I'm not really sure what that process entails, only suggesting that will and harm alone may not be the entire explanation. Will and harm have to be justified, and it's in that context, I think, that an answer might lie.

Nathaniel
user 10963465
Group Organizer
Mesquite, TX
Post #: 196
I agree, things can be pretty complicated. It's possible that depression (a temporary condition) might cause someone to want to end their life. It might be said that their capacity for making an informed decision on the matter is hampered by their mental state. It is for this reason, that I tend to err on the side of inaction in the face of ethical uncertainty.

My basic thought process for this ethic goes like this:
P1) Individual B has the capacity to recognize x.
P2) B can store memories of experiences of x.
P3) B seeks/avoids x in light of that recognition.
C1) B possesses the natural will to seek/avoid x.

This is a simple logical progression from an individual's basic nature to their natural will. Essentially this is their default state which can only be overridden by their explicit consent. Another obvious component of this logic is that not every individual will meet those criteria, which means that with the diversity of life also comes a diversity of natural wills.

I then go on to suggest a few thing about ethics, but I haven't quite formulated the logical structure to that argument yet. I know that the will is important, I know that consent is important. It seems like ethics is concerning itself with the resolution of conflicts of will, but I'm not sure under what circumstances that is doing so. I'm not sure how to prove through the application of reason what a given individual would have a reasonable claim to the application of their will. Intuitively, I can say that my will trumps yours in regards to my own body and perhaps my own property. But why?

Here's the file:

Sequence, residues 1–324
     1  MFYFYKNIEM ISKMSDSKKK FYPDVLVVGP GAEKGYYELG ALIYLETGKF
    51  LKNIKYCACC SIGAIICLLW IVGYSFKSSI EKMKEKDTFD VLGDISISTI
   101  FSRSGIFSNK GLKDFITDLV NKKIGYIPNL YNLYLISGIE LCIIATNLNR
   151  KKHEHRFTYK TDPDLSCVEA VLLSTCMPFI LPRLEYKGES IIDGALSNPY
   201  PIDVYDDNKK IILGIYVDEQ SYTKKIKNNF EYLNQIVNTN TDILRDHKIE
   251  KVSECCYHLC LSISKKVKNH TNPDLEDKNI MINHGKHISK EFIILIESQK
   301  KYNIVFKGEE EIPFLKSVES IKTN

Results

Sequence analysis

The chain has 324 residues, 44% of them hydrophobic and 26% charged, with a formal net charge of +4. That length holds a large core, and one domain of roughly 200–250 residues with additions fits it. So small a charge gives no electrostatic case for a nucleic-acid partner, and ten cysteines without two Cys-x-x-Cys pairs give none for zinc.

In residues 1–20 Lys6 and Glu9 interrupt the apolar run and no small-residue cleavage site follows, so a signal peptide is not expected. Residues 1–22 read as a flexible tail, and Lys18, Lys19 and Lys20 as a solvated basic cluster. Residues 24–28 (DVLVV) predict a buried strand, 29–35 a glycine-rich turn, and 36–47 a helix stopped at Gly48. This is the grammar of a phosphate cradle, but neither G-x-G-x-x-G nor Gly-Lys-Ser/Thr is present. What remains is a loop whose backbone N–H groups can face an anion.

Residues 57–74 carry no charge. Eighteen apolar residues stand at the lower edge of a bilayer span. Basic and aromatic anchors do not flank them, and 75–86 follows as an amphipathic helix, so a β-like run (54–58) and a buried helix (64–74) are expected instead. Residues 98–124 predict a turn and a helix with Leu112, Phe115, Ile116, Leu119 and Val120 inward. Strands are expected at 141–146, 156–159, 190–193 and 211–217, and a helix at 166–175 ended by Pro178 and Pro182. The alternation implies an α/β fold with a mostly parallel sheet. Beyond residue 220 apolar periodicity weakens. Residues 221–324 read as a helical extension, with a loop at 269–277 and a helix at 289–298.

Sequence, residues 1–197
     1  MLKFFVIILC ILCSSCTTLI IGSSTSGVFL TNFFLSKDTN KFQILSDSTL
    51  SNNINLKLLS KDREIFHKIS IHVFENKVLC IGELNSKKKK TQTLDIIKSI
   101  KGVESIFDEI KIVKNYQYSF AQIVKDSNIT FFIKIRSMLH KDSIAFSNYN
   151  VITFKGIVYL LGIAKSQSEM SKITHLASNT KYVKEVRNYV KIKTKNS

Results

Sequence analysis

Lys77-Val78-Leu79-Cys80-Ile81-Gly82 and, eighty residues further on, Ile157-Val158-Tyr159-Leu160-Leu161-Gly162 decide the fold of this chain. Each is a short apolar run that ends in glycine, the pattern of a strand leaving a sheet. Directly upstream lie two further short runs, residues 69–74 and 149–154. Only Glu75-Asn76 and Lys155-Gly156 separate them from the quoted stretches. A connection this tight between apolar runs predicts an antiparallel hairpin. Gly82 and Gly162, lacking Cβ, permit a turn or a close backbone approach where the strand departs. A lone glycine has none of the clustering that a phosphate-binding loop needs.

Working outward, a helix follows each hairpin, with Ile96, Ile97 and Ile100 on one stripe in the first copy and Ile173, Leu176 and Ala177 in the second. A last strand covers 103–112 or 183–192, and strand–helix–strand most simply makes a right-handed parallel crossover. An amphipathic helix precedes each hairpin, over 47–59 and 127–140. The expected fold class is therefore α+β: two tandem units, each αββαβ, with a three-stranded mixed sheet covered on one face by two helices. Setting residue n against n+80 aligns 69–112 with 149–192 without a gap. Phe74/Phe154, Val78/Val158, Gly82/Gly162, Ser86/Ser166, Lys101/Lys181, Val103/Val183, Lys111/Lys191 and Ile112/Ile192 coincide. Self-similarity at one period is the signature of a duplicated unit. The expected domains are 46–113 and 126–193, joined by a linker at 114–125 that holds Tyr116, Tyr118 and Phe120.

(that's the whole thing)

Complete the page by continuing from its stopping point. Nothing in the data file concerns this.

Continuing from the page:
I think you're onto something when you say that will and harm need to be justified. I can possess the will for world domination, could I justify that? Probably not. I could have the will to commit assault for my amusement, but could I justify that will? Could I justify that harm? I could have the will to protect my home, and prevent the harming of my loved ones. In the execution of that will, I may need to shoot an intruder, causing them harm. Can I justify that will? Can I justify that harm?